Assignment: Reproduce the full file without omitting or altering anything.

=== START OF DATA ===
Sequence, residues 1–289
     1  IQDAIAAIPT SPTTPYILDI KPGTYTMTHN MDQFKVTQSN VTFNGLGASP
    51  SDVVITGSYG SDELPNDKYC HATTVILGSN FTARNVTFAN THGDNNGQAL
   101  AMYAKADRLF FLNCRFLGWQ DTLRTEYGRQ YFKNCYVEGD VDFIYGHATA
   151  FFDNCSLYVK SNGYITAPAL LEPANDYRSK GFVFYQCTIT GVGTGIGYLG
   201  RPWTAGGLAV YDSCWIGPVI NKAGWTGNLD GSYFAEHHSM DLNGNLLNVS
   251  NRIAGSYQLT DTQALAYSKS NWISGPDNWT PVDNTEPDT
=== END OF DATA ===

Sequence, residues 1–289
     1  IQDAIAAIPT SPTTPYILDI KPGTYTMTHN MDQFKVTQSN VTFNGLGASP
    51  SDVVITGSYG SDELPNDKYC HATTVILGSN FTARNVTFAN THGDNNGQAL
   101  AMYAKADRLF FLNCRFLGWQ DTLRTEYGRQ YFKNCYVEGD VDFIYGHATA
   151  FFDNCSLYVK SNGYITAPAL LEPANDYRSK GFVFYQCTIT GVGTGIGYLG
   201  RPWTAGGLAV YDSCWIGPVI NKAGWTGNLD GSYFAEHHSM DLNGNLLNVS
   251  NRIAGSYQLT DTQALAYSKS NWISGPDNWT PVDNTEPDT